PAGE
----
But is there any danger that people will make an adjustment for income when you ask them how happy they are? For John’s analogy to work, it must be the case that if I’m asked to rate my happiness level on a ten-point scale, I say to myself: ‘Well, the question must be asking if I’m happy relative to other people on a similar income. Now, it’s true that my family is living on the street, that my children haven’t had a bite to eat for three days, and that I’m miserable compared to rich people, but compared to other destitute people I’m actually pretty happy, so I’ll report a score of 9.’
To avoid misunderstanding, this is not to say that people don’t compare themselves with a relevant reference group. Indeed, one of the findings of the happiness reseachers is that income and wealth are valued in large part because they confer status within one’s own peer group or socio-economic category (Don’s most recent post deals with this aspect). So, the person who lives in a smart three bedroom flat in Rooty Hill is happier than the person who has a modest five bedroom house in Dover Heights.
But to say ‘I’m happy because my income is high compared to others in my soci-economic category’ is not the same thing as saying ‘I’m happy compared to other people in my socioeconomic category.’ In the first case, you may indeed be happy relative to the population average. In the second, you are unhappy realtive to the society as a whole, but you are comparing yourself to a group of mostly unhappy people and finding that you are actually happier than they are.
If the ‘subjective’ nature of happiness data is a problem for happiness researchers, I think this applies more to its time-series claims than to its cross-sectional claims. The key finding, as John himself said (quoting me), is that, beyond a certain point, higher per capita income in a given country doesn’t seem to produce greater happiness. The standard explanation for this is that favourable or adverse changes raise or lower our happiness level only temporally: that is, we eventually become ‘habituated’ to an improvement or deterioration in our circumstances.
Habituation is normally taken to mean that, after some good or bad thing happens to a person, he reverts to the old level of happiness — the same point on the same scale. But what if it’s the whole scale that’s moving up or down — that what he previously called moderately happy is now very happy, and so on? This could happen unconsciously, in which case we might just as well speak of ‘resignation’ as of habituation; or it might be unconscious, that is, we might simply forget that what we now call happy is what we once regarded as only moderately happy. The unconscious case is a real problem for researchers because, even when the subject promises to be objective as possible, his reported increase or decrease in happiness may be illusory. A whole generation of respondents mistakenly report that they are no are happier than they were twenty years ago, and the reesracher walks away think he has evidence that happiness doesn’t rise permanently with income.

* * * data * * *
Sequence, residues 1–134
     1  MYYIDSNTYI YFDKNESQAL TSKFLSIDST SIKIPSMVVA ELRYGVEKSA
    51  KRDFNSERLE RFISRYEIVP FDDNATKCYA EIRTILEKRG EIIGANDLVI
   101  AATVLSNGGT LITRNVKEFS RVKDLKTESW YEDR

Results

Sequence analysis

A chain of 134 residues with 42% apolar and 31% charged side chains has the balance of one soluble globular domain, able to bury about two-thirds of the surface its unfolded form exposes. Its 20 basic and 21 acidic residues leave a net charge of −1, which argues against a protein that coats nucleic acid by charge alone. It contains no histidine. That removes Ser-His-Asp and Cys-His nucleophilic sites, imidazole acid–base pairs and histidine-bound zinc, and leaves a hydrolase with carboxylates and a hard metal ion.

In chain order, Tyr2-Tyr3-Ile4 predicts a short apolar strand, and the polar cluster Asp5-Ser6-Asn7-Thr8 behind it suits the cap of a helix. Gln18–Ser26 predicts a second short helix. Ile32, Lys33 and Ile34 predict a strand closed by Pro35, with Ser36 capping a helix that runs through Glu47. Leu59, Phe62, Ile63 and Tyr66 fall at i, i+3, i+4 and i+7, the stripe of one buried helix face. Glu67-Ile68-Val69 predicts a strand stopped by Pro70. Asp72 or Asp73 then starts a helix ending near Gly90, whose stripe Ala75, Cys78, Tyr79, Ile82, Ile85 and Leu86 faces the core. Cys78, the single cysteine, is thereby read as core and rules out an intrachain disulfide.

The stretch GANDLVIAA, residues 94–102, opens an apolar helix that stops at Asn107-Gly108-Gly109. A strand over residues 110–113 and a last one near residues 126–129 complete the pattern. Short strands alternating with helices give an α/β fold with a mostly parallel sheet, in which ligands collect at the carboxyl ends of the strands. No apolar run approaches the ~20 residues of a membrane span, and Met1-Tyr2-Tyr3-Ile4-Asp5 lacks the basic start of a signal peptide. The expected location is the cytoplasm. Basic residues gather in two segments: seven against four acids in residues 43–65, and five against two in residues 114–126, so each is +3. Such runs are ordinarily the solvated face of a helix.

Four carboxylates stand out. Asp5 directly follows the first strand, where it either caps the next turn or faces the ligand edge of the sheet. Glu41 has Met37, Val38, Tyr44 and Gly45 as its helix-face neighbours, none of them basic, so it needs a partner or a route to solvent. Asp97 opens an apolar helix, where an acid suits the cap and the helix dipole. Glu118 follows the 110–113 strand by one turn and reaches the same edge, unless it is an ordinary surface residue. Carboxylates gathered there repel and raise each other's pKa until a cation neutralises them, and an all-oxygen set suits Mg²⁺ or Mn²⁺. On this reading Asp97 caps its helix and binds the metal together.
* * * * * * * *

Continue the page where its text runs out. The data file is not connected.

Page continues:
On reason why economists are wary in general about data on self-reported happiness is that our their teachers drummed into us that utility is incommensurable – that we’re not allowed to aggregate utility across individuals or make ‘interpersonal comparisons’.
But this is just an excuse. After all, we make interpersonal comparisons all the time, whether we’re calculating welfare loss triangles, conducting cost-benefit appraisals of public projects, or measuring GDP or aggregate consumption to gauge a nation’s performance. The real problem is that we are so accustomed to measuring welfare in money that substituting a less quantifiable variable like happiness seems like a retrograde step. How much money people spend, or would be Willing to spend, is not a bad guide if we know for sure that the spending translates into utility. But if we suspect that such spending is rash and myopic, or that it has external costs that can’t easily be quantified in money, then we must try harder to measure utility itself.
This is where the philosophical and political objections come in, and the accusations of paternalism. How dare you assume that people don’t know what’s best for them? That’s fine, but you can argue that measures of happiness are unnecessary or that they betray a authoritarian mentality, without necessarily arguing that they are meaningless.
Yes, self-reported data on psychological states are subjective and imprecise, but the same applies to data on pain. As far as I know, nobody is demanding that medical researchers quit using self-reported pain statistics on those grounds.